The Big Book of Alcoholics Anonymous says, “acceptance is the answer to all of my problems today”.
On page 449 in Edition Three, it continues in its almost-yogic explanation of acceptance:
“When I am disturbed, it is because I find some person, place, thing or situation –
some fact of my life, unacceptable to me
and I can find no serenity
until I accept that person, place, thing, or situation
as being exactly the way it is supposed to be at this moment.
Nothing, absolutely nothing happens
in God’s world by mistake.”
The feelings, the people, the circumstances—they are not the problem. The problem is my struggle and push against them, creating literal friction between myself and the moment. Think yoga on the mat: when the sensations arise in an asana, if we fight against them, it becomes so much harder to bear. As we practice relaxing and breathing with what is, shifting from the sympathetic nervous system (fight/flight/freeze), to the para-sympathetic nervous system (rest/digest), we ease softly into the moment. We literally, from a body-centered perspective, relax with what is and enter the flow state.
And here’s the good part: as we do relax with what it, it becomes easier—it begins to change. The shift happens so much more easefully than pushing our shoulders against the moment, willing the river to flow in another direction.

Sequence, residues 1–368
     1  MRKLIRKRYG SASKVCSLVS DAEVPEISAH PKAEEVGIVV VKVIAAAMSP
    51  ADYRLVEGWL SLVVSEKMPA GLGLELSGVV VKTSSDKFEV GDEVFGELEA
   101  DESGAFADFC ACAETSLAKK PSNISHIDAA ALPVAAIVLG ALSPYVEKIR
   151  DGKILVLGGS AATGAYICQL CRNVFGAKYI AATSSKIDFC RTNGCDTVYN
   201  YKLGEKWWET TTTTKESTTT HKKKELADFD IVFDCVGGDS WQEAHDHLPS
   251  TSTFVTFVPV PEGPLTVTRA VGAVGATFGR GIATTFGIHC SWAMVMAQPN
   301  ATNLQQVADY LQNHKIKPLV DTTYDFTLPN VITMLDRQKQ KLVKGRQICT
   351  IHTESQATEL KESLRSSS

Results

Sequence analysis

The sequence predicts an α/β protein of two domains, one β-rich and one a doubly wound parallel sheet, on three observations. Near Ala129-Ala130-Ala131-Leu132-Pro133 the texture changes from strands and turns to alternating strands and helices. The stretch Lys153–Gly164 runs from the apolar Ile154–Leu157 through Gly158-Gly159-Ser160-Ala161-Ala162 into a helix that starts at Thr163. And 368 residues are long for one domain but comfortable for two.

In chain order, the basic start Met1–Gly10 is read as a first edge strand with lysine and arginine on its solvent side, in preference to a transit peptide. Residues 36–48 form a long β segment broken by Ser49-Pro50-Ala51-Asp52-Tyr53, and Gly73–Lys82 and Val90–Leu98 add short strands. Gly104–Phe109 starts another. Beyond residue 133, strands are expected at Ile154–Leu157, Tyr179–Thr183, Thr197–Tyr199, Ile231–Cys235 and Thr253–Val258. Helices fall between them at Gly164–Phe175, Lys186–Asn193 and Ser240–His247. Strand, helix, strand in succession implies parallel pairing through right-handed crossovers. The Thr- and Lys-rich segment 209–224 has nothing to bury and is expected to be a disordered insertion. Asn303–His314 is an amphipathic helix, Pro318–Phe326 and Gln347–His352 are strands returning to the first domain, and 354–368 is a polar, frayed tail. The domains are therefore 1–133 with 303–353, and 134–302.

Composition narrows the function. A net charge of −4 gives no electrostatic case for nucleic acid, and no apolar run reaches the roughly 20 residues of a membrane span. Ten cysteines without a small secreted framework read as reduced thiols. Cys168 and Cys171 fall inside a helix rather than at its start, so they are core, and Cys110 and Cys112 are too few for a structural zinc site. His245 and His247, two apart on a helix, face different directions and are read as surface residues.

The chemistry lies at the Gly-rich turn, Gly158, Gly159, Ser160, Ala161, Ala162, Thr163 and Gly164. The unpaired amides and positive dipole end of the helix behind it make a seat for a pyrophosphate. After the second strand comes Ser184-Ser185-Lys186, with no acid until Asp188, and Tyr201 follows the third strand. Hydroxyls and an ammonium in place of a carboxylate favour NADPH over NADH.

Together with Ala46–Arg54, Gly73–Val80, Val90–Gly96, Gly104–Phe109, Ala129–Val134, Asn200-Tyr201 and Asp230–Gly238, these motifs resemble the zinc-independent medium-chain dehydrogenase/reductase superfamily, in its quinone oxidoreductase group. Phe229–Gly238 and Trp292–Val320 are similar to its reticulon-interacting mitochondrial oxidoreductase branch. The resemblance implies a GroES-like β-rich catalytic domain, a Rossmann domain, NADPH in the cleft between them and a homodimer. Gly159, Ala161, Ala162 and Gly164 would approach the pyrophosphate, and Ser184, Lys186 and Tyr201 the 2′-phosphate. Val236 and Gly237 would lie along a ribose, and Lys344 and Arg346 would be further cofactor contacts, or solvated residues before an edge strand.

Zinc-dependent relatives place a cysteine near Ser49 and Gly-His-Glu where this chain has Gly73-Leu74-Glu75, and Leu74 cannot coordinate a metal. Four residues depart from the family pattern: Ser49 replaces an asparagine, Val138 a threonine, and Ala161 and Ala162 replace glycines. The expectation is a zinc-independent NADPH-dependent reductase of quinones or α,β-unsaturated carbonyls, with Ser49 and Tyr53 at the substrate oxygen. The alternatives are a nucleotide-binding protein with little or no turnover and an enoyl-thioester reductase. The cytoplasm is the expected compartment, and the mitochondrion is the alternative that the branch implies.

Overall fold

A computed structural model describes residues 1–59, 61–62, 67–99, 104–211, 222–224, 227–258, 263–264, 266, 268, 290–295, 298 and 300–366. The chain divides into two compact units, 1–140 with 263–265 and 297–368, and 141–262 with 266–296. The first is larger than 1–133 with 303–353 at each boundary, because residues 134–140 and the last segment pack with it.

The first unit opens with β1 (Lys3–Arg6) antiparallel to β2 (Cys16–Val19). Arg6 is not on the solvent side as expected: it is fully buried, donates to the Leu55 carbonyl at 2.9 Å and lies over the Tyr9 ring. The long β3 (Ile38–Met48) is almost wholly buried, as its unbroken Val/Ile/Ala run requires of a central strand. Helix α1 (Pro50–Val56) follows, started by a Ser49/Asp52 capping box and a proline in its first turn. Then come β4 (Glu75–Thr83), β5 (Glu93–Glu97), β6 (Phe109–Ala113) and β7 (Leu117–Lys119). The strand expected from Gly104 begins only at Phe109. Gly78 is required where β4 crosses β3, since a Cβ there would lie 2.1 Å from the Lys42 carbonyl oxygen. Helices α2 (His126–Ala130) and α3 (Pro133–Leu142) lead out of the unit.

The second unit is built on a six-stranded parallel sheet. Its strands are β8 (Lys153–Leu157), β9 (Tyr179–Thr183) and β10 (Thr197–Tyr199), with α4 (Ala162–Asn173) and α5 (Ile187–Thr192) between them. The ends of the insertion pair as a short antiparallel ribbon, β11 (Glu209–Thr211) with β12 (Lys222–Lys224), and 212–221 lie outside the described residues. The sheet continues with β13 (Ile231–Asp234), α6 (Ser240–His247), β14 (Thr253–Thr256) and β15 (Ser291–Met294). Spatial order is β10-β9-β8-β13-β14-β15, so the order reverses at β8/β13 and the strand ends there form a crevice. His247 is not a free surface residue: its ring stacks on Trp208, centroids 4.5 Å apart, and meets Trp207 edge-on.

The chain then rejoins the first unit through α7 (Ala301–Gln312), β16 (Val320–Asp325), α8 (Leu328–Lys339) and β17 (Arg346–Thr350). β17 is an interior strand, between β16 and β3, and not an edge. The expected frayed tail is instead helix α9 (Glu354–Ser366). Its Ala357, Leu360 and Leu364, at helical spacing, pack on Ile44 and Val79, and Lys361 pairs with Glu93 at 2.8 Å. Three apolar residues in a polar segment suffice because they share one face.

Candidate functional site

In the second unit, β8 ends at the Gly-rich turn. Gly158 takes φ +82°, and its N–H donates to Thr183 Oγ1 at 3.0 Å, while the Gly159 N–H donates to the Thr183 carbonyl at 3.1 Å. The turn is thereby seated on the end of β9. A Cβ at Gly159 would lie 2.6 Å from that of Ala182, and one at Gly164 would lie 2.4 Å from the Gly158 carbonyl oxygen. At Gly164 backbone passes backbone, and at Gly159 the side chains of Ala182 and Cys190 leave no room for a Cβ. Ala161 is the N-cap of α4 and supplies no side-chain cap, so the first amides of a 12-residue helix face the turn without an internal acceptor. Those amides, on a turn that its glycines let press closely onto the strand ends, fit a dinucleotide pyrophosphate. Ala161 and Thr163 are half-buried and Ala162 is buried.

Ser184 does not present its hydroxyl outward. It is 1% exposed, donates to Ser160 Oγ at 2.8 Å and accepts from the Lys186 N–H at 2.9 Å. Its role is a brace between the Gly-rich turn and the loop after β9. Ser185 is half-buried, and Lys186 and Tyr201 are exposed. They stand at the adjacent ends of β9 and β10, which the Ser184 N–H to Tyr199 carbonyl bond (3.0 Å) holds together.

Most remarkably, from this place of acceptance, action becomes profoundly impactful. Acceptance doesn’t mean sitting still. It means relaxing into what is, and from that connection to the flow state that relaxation offers us, doorways to appropriate and effective action emerge. There is work to do; yet taken from the groundwork of acceptance, everything becomes more possible.
It all changes. It all shifts. The decision is—how do I choose to be with it? If I choose to put on my boxing gloves, then in the ring I will be. If I choose to live from the principles of the mindfulness practices, then on the mat I will sit.
Here are some considerations for you:
- What arena in your world do you fight the most against?
- Breathe and relax—watch yourself without judgment—notice the struggle.
- How might you bring a little more relaxation, ease and acceptance to that struggle?
- What would it look like to live this situation differently?
- What might you learn from this part of yourself that so desperately wants your attention?
Accepting my hopelessness and my despair, as confrontational as that is to my image of myself as the ever-enlightened yogi, is the doorway to change. Learning from this part of me—what does she have to tell me, this despair, this hopelessness? How might I grow and become more of who I am? These are the compelling, powerful, and inevitable markers of transmutation and change.
Opening my front door after the blizzard, I was overwhelmed with the barricade of snow-cement that greeted me. There seemed to be so much to do—it felt impossible. Two days later, here is the same view, from that very same front door: Things do sort themselves out, in its own timing.
All blessings, Aruni